Mark Hoffman  /  AP file
Gaylord Nelson in 2001
updated 7/3/2005 1:52:49 PM ET 2005-07-03T17:52:49

Gaylord Nelson, the folksy Democratic senator from Wisconsin who helped start the modern environmental movement with the creation of Earth Day 35 years ago, died Sunday. He was 89.

Nelson died of cardiovascular failure at his home in the Washington suburb of Kensington, Md., said Bill Christofferson, his biographer and family spokesman.

A conservationist years before it was fashionable, Nelson was recognized as one of the world’s foremost environmental leaders.

The former governor and senator started Earth Day in 1970, when an estimated 20 million people participated. April 22 is still celebrated today by planting trees, cleaning up trash and lobbying for a clean environment.

In the Senate, Nelson had a reputation for cocktail party stunts, like ripping up a Milwaukee phone book (there was a trick to it) or doing one-arm push-ups.

‘Proud of his roots’
“He was just an incredible person: humble, funny, proud of his roots in Clear Lake, Wisconsin, and never changed by the power and pomp of the offices that he held,” Gov. Jim Doyle said in a statement Sunday.

Fifteen years after he left office, Nelson received a Presidential Medal of Freedom in 1995 for his environmental efforts from then-President Clinton.

“As the father of Earth Day, he is the grandfather of all that grew out of that event: the Environmental Protection Act, the Clean Air Act, the Clean Water Act, the Safe Drinking Water Act,” read the proclamation from Clinton.

In 1958, Nelson became only the second Democrat during the 20th century to be elected governor of Wisconsin.

He used a penny-a-pack tax on cigarettes to allow the state to buy hundreds of thousands of acres of park land, wetlands and other open space to protect it — an idea that became a model for other states.

After two two-year terms, Nelson was elected in 1962 to the first of his three terms in the U.S. Senate, unseating 78-year-old incumbent Republican Alexander Wiley.

In the Senate, Nelson championed conservation policies, including legislation to preserve the 2,100-mile Appalachian Trail and create a national hiking system.

“Gaylord’s contributions in the fields of conservation reform and environmental improvement are a living memorial to him,” said Melvin Laird, a nine-term congressman from Wisconsin and secretary of defense in the Nixon administration.

Nelson’s most recognized effort, however, was Earth Day, which he started as an environmental demonstration based on the anti-war teach-ins of the Vietnam War.

‘Nationwide teach-in’
“It suddenly occurred to me, why not have a nationwide teach-in on the environment,” Nelson said. He announced his idea at a speech in Seattle in September 1969, and it “took off like gangbusters.”

For the first Earth Day in 1970, tens of thousands of people filled New York’s Fifth Avenue, Congress adjourned so members could speak across the nation, and at least 2,000 colleges marked the occasion.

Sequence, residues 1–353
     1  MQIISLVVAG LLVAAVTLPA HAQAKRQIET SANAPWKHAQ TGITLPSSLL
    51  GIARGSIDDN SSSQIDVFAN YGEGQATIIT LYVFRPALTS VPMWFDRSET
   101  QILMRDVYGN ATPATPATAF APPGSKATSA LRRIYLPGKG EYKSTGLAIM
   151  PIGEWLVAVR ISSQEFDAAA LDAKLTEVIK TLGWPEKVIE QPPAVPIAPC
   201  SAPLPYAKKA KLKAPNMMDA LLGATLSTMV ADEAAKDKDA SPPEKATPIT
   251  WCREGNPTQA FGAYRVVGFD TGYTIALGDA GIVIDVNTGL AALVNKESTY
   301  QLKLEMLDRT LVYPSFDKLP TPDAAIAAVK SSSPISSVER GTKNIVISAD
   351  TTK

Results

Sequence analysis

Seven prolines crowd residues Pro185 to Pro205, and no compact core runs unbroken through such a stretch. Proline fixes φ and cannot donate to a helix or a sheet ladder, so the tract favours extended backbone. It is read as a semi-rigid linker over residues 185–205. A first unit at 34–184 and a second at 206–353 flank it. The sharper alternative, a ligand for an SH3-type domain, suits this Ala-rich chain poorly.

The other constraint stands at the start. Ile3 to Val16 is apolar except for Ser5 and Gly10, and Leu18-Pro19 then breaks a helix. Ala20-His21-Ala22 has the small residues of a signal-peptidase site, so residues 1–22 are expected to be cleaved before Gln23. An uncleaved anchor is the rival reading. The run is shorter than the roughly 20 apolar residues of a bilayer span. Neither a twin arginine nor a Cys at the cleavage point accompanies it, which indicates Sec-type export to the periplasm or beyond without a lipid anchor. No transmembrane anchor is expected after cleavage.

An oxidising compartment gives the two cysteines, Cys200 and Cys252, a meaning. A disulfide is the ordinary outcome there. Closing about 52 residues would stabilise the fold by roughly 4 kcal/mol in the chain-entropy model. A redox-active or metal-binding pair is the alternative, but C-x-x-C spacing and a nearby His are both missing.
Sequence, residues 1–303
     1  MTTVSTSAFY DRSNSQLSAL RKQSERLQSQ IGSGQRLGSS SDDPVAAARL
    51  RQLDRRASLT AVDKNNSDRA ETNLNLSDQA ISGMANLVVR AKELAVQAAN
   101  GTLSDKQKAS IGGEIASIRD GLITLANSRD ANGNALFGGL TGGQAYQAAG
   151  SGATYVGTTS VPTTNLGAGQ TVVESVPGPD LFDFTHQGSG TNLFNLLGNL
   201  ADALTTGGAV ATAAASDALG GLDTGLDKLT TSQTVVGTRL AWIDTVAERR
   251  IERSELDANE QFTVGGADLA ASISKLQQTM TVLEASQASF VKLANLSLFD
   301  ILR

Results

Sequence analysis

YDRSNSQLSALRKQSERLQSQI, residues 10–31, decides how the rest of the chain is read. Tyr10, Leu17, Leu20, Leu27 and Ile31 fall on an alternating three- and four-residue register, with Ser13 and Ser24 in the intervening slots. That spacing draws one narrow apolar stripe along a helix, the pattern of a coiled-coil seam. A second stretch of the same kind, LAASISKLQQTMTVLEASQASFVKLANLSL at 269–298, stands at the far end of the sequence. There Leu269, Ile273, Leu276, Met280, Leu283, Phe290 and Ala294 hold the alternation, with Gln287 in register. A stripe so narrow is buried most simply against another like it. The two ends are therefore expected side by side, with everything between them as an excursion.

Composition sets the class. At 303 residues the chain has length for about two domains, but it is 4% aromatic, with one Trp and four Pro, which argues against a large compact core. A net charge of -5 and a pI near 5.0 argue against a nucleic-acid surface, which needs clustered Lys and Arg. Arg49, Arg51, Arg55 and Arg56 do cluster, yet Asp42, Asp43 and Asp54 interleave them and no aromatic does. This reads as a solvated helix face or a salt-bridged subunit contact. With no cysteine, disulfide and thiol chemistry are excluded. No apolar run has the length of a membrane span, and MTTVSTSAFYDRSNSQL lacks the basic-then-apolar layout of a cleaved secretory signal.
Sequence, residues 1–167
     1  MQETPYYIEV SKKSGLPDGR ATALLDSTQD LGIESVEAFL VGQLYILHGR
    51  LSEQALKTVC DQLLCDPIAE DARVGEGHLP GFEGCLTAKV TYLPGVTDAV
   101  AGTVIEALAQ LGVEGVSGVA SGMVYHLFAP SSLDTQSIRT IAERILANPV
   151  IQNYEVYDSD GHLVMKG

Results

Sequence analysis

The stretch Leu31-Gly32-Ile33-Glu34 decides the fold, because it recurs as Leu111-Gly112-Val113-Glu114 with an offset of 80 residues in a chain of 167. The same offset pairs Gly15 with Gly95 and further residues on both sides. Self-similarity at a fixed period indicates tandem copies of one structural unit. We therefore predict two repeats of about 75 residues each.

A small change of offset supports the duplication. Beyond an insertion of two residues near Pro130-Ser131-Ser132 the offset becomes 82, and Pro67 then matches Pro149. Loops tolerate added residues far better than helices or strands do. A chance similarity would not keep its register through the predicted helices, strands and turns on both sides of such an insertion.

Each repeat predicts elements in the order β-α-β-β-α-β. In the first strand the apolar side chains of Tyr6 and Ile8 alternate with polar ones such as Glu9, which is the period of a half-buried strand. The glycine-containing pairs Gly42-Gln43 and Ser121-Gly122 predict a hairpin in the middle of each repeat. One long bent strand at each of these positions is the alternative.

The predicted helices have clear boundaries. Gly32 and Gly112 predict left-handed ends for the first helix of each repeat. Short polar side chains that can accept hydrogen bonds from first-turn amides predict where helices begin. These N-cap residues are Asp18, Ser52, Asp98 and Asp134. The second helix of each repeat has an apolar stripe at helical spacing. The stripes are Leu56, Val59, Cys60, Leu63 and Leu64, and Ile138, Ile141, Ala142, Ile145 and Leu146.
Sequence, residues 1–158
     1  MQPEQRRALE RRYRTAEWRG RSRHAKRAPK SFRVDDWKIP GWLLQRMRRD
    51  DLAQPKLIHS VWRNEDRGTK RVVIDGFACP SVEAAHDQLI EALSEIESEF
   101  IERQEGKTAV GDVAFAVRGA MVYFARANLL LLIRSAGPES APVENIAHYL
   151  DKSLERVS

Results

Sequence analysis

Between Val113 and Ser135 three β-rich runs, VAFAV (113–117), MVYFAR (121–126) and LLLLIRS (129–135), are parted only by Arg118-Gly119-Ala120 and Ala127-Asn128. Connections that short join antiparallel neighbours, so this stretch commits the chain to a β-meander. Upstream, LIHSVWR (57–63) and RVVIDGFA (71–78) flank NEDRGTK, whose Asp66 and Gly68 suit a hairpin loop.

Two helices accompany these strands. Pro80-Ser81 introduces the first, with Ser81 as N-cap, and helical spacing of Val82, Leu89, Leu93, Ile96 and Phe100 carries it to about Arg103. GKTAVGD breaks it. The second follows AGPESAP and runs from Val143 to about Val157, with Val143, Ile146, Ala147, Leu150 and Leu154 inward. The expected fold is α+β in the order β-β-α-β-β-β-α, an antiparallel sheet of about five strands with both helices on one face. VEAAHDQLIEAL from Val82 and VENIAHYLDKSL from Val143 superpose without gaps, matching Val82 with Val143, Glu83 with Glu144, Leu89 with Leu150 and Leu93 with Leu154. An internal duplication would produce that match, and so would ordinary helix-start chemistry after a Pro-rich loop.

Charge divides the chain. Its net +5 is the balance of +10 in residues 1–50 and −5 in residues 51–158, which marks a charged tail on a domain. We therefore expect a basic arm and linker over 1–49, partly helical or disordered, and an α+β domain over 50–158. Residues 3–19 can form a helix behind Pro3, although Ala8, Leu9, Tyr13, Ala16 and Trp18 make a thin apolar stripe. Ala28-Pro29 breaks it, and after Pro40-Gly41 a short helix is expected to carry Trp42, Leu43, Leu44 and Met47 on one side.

“I wanted a demonstration by so many people that politicians would say, ’Holy cow, people care about this,”’ Nelson once said. “That’s just what Earth Day did.”

Growing up in the northern Wisconsin town of Clear Lake, Nelson said he learned to love the outdoors “by osmosis” and learned frugality from his father, a country doctor who conserved paper by writing on the back of drug advertisements.

After receiving a bachelor’s degree from San Jose State College and a law degree from the University of Wisconsin, Nelson served in the Army during World War II before returning to Madison to set up his law practice.

In 1947, he married Carrie Lee Dotson, an Army nurse he had met in Pennsylvania. They had three children.

Nelson entered public life in 1948 as a Wisconsin state senator, a position he held for 10 years before becoming governor and senator.

In 1972, Sen. George McGovern, the Democratic presidential nominee, sought out Nelson as a potential running-mate. Nelson said no.

“Behind his humor and behind the sort of rough-cut, down-to-earth manner, there was always a person of sober conviction,” McGovern said later.

Narrowly defeated in 1980
Nelson continued to represent Wisconsin in the Senate until he was narrowly defeated in 1980 by Robert W. Kasten Jr., one of a raft of Republicans swept into office with Ronald Reagan.

He turned his full attention to the environment, joining the Washington-based Wilderness Society and serving as its legal counselor. There, he focused his attention on the world’s quickly multiplying population.

William H. Meadows, the group’s president, called Nelson the “founding father of the modern environmental community.”

Nelson is survived by his wife, Carrie Lee, sons Gaylord Jr. and Jeffrey, and daughter, Tia. Memorial service arrangements were pending.

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